Machakos County Governor Wavinya Ndeti has exposed the rot she allegedly inherited from her predecessor Alfred Mutua. The governor claims she inherited a dilapidated county with debts of Ksh. 3bn and a bloated workforce, she has now embarked on efforts to weed out what she claims are ghost workers. Recently the governor gave orders for the registration of all county staff through the biometrics system, shockingly more than 550 county staff failed to show up for registration.
This, according to the governor was a clear sign that some people have been earning salaries and allowances through illegal means. She cited five cases of employment of underage persons among the anomalies used as strategies to siphon public funds. She further revealed that there were 14 cases of officers with the same ID card numbers but different PINs being paid by the county government and another two cases of officers with the same IDs but different payroll numbers and 28 cases of officers with the same payroll numbers but different ID numbers.
During his tenure, Mutua’s administration faced accusations of financial mismanagement and looting of public resources. Investigations reveal that Governor Ndeti inherited huge amounts of un-surrendered imprest in the governor’s office. Records found in the governor’s office show some financial statements reflecting zero balance in respect of outstanding imprests and advances, however, a review of the imprest register and payment details revealed that the Department of Finance and Office of the Governor had un-surrendered and unaccounted for imprests amounting to Ksh. 67,994,086 and Ksh. 50,432,466 respectively all totaling Ksh. 118,426,551.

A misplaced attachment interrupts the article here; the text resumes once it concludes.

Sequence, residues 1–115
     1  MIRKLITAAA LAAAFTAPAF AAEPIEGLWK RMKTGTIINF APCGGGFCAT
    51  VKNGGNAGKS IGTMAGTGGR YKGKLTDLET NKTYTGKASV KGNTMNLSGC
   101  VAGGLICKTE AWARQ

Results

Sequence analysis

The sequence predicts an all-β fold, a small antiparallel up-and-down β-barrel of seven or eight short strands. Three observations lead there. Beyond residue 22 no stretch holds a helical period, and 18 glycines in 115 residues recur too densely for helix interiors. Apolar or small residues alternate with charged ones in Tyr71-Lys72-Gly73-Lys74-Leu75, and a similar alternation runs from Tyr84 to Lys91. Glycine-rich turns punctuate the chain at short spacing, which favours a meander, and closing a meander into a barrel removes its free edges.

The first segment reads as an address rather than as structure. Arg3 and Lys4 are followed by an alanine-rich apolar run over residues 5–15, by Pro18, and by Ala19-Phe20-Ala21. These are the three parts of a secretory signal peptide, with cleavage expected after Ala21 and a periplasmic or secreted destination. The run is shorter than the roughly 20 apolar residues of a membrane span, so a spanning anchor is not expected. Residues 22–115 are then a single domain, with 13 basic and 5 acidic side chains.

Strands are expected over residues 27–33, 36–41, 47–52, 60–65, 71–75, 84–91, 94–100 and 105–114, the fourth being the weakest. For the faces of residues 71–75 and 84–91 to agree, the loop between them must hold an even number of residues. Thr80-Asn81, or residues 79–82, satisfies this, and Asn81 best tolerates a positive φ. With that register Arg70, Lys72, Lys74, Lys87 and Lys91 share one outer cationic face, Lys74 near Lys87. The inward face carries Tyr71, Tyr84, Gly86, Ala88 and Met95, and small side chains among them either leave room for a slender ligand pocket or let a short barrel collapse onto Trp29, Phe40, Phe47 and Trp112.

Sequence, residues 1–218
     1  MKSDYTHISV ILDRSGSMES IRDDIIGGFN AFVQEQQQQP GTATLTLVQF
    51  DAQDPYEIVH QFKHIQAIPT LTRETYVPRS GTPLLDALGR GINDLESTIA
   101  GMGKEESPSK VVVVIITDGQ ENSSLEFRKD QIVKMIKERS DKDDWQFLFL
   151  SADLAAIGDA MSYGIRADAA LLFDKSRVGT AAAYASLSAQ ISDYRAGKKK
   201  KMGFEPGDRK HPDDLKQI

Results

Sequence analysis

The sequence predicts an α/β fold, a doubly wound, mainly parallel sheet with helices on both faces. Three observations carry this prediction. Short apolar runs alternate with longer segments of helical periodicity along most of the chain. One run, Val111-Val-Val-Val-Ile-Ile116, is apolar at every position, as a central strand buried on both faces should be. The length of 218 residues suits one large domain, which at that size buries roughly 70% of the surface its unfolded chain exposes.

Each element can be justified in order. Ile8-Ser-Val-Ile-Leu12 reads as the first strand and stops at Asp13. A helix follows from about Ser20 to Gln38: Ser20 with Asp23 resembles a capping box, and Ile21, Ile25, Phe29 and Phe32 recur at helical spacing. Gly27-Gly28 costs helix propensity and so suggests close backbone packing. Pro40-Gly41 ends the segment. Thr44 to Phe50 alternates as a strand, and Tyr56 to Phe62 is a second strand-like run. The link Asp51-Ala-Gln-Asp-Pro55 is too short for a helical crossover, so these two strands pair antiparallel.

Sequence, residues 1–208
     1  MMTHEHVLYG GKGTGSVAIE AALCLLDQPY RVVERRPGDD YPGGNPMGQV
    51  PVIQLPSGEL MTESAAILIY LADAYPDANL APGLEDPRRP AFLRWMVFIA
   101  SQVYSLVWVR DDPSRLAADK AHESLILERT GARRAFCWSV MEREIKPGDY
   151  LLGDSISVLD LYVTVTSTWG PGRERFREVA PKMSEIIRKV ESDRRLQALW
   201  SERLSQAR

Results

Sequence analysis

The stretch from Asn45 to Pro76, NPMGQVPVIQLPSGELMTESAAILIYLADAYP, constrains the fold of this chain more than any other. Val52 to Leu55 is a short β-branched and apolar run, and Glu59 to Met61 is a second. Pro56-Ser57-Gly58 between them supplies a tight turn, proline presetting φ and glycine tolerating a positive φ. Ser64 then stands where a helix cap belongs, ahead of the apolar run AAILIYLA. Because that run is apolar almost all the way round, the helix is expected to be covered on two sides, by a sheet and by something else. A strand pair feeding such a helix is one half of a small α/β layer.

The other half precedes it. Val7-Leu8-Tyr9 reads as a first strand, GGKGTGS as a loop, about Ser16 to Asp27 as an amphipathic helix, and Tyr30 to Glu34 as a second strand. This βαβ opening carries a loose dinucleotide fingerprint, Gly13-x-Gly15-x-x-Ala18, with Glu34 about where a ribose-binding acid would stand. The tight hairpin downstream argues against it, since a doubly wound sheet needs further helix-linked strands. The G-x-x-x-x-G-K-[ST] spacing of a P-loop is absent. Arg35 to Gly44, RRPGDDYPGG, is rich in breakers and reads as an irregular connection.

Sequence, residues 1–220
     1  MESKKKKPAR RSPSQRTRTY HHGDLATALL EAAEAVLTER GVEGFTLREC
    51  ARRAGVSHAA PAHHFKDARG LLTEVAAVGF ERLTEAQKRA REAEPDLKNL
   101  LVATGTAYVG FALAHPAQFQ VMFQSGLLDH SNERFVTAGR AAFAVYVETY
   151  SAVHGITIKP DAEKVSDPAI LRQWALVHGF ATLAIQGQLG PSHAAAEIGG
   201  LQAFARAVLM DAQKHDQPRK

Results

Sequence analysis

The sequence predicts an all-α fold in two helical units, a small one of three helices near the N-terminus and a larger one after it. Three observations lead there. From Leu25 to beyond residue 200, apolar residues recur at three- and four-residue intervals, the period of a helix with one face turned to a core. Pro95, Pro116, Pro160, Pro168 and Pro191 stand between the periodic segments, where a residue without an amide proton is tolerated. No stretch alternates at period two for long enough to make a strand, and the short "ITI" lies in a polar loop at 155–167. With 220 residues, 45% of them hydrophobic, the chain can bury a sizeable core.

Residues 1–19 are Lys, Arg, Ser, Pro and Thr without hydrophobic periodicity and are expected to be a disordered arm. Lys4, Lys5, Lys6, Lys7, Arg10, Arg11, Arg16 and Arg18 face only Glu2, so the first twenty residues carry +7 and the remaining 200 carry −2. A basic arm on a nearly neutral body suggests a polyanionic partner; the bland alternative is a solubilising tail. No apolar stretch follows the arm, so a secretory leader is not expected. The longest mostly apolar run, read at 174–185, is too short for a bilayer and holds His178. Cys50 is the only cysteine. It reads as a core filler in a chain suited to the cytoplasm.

The imprests have been outstanding for a long time contrary to Regulation 91(3) of the Public Finance Management (County Governments) Regulations, 2015 which requires the amount due to be accounted for or be surrendered within seven working days after returning to duty station. Governor Ndeti has also unearthed many other cases of irregular use of public resources by the previous administration. Records show that legal fees amounting to Ksh. 31,530,139 was paid to various law firms, a further review of the County Law office records reveals a pending account payable amounting to Ksh. 607,769,485 in respect of outstanding legal expenses as of 30 June 2022.
It is not clear why the ex-governor continued engaging private legal firms instead of using staff from the well-established county legal department.